Discover MakerZone

MATLAB and Simulink resources for Arduino, LEGO, and Raspberry Pi

Learn more

Discover what MATLAB® can do for your career.

Opportunities for recent engineering grads.

Apply Today

Thread Subject:
need help on essential singularity

Subject: need help on essential singularity

From: duc

Date: 26 Mar, 2011 17:54:04

Message: 1 of 2

i need to integrate the following indefinite function
exp((-(x-y)^2)/2*y^2)/sqrt(2*pi*y^2) ws.r.t y

As it has an essential singularity i understand i need to integrate it numerically but i'm not sure which method will work, and if so which one is most effective in dealing with such functions

your help would be much appreciated

duc

Subject: need help on essential singularity

From: Roger Stafford

Date: 26 Mar, 2011 21:48:04

Message: 2 of 2

"duc " <duc_tran8@yahoo.com> wrote in message <iml97s$792$1@fred.mathworks.com>...
> i need to integrate the following indefinite function
> exp((-(x-y)^2)/2*y^2)/sqrt(2*pi*y^2) ws.r.t y
>
> As it has an essential singularity i understand i need to integrate it numerically but i'm not sure which method will work, and if so which one is most effective in dealing with such functions
>
> your help would be much appreciated
>
> duc
- - - - - - - -
  When you write -(x-y)^2)/2*y^2, that puts the y^2 in the numerator. Is that what you mean or do you mean -(x-y)^2)/(2*y^2) with the y^2 in the denominator? I am guessing you actually mean to have y^2 in the denominator.

  With that supposition, let us assume that x > 0 and define a change of variable:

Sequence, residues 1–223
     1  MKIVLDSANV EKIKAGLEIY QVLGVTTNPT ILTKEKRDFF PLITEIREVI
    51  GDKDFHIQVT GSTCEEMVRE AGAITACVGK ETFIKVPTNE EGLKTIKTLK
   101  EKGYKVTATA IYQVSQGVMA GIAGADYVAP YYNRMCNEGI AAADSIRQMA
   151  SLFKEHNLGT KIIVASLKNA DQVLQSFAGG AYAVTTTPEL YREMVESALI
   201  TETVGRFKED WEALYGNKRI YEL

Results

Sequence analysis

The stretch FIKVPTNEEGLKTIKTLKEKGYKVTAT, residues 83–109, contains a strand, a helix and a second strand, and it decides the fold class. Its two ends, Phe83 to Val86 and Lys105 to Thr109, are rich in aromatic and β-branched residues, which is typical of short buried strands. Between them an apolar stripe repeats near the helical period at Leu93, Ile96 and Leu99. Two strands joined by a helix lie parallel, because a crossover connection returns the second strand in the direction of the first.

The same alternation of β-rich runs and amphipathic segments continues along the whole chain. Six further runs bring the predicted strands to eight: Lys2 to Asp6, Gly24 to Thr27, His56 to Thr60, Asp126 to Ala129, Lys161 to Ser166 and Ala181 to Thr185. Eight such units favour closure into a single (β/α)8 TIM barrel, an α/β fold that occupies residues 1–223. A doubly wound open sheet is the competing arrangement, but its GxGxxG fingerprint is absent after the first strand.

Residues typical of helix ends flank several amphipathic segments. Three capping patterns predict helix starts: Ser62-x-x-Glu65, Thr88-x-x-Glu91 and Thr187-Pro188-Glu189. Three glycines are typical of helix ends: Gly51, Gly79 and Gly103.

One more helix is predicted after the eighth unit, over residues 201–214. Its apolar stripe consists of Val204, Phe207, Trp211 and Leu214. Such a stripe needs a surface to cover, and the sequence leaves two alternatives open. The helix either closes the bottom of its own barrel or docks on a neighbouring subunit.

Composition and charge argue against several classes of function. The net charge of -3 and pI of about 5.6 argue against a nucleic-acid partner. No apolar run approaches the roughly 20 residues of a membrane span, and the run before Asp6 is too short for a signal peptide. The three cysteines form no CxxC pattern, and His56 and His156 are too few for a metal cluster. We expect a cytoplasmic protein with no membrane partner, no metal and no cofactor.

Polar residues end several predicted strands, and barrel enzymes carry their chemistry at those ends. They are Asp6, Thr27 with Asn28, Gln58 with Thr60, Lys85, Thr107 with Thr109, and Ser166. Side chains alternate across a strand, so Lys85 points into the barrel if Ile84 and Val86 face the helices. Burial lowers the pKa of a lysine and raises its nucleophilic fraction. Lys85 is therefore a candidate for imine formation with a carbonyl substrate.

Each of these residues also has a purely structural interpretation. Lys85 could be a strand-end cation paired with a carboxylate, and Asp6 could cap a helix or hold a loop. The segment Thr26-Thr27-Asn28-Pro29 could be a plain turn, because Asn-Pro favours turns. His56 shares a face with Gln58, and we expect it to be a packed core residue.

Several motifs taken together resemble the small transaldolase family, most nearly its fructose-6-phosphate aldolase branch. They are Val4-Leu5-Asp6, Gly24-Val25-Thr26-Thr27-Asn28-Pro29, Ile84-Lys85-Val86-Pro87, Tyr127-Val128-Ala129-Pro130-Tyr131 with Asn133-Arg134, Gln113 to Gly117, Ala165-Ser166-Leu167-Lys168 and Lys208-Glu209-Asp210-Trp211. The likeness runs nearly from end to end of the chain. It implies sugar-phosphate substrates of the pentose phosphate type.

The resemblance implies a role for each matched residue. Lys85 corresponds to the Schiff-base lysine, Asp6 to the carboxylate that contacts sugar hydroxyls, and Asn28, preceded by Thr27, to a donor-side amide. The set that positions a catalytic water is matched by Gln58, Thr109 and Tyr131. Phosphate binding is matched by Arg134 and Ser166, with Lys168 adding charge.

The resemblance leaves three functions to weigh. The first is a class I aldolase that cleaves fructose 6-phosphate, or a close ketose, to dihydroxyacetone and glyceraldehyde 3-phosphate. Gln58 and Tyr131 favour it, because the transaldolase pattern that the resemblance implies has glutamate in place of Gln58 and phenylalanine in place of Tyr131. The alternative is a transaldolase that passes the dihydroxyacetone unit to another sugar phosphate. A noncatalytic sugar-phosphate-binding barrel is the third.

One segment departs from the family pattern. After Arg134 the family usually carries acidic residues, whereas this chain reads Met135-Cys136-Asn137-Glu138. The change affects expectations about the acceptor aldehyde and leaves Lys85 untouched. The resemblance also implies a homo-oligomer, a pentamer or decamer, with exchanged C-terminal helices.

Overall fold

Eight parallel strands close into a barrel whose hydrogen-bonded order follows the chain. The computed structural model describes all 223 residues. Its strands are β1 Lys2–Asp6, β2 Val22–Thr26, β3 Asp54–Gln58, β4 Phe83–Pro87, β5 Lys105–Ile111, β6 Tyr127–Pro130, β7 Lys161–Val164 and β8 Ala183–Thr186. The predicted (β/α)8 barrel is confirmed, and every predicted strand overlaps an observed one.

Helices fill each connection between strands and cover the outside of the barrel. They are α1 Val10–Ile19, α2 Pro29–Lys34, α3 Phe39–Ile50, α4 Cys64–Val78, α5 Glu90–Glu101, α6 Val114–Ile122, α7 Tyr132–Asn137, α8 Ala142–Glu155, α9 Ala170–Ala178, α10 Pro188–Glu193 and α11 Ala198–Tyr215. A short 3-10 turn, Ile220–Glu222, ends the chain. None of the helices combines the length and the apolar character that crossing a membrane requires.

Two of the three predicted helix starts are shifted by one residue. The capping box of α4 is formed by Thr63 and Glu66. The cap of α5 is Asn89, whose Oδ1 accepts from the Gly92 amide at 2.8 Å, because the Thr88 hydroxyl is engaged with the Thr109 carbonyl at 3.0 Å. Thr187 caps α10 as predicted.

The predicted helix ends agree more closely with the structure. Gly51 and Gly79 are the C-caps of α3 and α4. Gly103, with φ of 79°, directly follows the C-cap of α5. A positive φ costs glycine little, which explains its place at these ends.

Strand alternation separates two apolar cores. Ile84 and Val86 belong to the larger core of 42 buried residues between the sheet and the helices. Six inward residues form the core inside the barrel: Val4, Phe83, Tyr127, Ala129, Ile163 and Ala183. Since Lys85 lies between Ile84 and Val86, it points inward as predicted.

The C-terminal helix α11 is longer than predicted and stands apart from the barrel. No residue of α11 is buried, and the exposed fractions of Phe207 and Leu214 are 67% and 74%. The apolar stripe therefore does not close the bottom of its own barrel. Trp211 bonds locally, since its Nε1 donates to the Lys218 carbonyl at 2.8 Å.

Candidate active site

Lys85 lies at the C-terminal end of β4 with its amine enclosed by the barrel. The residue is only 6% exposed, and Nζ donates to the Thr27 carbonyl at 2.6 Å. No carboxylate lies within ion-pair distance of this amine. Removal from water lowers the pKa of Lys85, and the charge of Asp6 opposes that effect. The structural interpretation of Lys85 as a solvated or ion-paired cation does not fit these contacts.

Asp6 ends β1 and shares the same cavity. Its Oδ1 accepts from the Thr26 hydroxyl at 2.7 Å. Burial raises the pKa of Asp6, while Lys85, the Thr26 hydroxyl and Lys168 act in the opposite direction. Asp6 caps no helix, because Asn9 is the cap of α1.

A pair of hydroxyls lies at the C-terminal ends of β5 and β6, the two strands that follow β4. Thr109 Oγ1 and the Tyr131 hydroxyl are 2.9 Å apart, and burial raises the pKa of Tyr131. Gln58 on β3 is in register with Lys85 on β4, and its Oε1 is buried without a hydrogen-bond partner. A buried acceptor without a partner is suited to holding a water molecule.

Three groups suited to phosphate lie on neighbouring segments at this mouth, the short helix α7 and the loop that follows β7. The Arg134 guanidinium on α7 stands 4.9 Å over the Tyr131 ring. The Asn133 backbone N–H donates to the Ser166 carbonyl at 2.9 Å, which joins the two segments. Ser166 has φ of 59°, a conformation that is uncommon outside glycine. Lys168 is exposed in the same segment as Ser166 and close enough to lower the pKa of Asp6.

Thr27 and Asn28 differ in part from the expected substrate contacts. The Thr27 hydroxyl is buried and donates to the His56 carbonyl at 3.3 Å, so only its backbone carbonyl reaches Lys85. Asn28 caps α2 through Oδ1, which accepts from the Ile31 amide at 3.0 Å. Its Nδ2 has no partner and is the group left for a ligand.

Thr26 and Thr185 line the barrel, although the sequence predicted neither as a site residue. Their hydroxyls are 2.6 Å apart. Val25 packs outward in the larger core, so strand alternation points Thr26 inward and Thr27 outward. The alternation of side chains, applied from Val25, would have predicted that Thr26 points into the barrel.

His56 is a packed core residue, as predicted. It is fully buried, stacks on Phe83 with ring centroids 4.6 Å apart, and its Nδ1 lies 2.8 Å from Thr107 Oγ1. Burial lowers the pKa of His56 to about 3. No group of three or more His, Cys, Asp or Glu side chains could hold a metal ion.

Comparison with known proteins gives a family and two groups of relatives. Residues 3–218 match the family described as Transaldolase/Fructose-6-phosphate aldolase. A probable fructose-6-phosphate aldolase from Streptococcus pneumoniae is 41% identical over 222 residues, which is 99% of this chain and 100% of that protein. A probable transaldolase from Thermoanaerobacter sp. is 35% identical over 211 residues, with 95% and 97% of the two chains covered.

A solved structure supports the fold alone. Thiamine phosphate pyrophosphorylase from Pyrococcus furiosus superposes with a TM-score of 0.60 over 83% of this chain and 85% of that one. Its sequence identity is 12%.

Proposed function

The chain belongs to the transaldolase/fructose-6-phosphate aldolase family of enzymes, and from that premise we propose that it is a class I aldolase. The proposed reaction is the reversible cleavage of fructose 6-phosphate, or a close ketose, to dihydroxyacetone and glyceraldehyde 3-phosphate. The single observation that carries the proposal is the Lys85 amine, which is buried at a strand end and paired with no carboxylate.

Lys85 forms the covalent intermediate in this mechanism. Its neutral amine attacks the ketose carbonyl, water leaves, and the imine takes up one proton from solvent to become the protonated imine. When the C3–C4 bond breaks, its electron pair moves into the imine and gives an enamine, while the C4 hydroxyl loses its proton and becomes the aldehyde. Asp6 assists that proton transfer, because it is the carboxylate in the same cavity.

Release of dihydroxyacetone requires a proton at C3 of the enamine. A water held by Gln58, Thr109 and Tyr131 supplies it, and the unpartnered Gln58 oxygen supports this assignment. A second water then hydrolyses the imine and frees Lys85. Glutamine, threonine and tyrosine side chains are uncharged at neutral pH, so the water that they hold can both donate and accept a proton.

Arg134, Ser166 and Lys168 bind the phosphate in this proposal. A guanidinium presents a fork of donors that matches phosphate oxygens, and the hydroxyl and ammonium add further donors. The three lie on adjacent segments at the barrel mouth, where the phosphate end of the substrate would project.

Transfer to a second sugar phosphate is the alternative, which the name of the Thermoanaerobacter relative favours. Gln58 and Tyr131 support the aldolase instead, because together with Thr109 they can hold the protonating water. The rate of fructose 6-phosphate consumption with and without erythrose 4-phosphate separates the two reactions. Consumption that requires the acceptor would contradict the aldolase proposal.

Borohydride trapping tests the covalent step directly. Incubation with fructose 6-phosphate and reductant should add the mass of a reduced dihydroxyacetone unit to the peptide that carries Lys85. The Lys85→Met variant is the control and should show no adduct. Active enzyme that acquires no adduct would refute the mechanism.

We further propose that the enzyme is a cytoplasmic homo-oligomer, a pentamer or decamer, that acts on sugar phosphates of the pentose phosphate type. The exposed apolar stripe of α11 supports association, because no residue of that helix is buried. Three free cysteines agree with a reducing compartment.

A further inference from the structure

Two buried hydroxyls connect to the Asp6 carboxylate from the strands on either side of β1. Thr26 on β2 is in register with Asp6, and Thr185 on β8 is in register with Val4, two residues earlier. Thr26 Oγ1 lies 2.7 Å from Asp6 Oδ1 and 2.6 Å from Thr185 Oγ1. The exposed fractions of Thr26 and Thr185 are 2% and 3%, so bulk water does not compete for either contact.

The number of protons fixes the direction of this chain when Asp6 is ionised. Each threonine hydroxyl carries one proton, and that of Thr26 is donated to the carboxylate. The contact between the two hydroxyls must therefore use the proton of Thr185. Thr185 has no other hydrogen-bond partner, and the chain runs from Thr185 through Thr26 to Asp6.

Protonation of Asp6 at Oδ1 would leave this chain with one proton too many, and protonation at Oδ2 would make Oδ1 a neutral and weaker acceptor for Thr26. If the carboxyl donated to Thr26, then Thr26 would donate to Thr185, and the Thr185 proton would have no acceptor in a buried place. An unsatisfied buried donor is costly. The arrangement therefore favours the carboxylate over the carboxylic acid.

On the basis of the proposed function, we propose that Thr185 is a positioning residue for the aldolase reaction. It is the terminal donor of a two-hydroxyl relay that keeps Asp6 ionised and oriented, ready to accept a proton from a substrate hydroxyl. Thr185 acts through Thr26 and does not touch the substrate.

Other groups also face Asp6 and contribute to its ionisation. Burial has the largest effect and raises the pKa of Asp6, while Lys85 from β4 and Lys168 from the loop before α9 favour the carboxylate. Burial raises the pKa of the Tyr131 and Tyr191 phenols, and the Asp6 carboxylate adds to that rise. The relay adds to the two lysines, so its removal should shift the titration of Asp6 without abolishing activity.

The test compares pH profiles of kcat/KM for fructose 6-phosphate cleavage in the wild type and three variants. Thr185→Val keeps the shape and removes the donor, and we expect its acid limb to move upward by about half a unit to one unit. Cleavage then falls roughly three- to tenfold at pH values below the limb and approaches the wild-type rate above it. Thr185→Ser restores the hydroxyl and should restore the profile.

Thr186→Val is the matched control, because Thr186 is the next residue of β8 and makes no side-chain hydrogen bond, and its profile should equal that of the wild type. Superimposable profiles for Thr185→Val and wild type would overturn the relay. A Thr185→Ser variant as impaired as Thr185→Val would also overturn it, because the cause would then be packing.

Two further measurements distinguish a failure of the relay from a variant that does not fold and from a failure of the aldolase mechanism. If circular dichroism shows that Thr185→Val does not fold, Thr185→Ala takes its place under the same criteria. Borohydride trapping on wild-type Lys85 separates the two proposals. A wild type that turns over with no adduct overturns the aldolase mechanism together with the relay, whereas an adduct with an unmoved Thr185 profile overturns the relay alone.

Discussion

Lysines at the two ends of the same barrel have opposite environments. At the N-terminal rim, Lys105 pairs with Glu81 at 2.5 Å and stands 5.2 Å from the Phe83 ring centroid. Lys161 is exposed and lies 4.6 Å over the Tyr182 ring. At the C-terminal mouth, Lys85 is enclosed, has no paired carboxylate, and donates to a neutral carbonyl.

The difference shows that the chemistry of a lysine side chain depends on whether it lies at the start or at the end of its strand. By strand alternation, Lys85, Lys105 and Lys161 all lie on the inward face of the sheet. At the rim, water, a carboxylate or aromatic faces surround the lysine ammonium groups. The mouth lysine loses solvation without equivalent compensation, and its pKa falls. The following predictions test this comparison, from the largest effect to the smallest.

t = (x-y)/y

which is to say

 y = x/(t+1).

Then we can base the integral at y = 0 and obtain

 int('exp(-(x-y)^2/(2*y^2))/sqrt(2*pi*y^2)','y',0,y) =
 int('1/sqrt(2*pi)*exp(-t^2/2)/(t+1)','t',(x-y)/y,+inf)

  There is a pole singularity in this latter integral as the lower limit, (x-y)/y, approaches -1 but for any (x-y)/y > -1, it is convergent. This shows that the original integral in y based at y = 0 is well-defined for finite y >= 0 but diverges as y approaches plus infinity.

  The above transformation to t not only indicates the nature of the singularity involved but also enables one to express the integral as a function of the single variable (x-y)/y as a lower limit without an explicit x being present in the integrand. Any of the standard quadrature routines can accomplish an evaluation of the above integral in t numerically with the proviso that the upper limit must stop short of infinity but be large enough to provide the necessary accuracy. You cannot of course start at t = -1 as a lower limit.

  With x or y in the negative range, the situation is similar to the above.

  If my guess above in the first paragraph was wrong, your integral will be divergent as y approaches zero and you will need to base it somewhere else.

Roger Stafford

Tags for this Thread

No tags are associated with this thread.

What are tags?

A tag is like a keyword or category label associated with each thread. Tags make it easier for you to find threads of interest.

Anyone can tag a thread. Tags are public and visible to everyone.

Contact us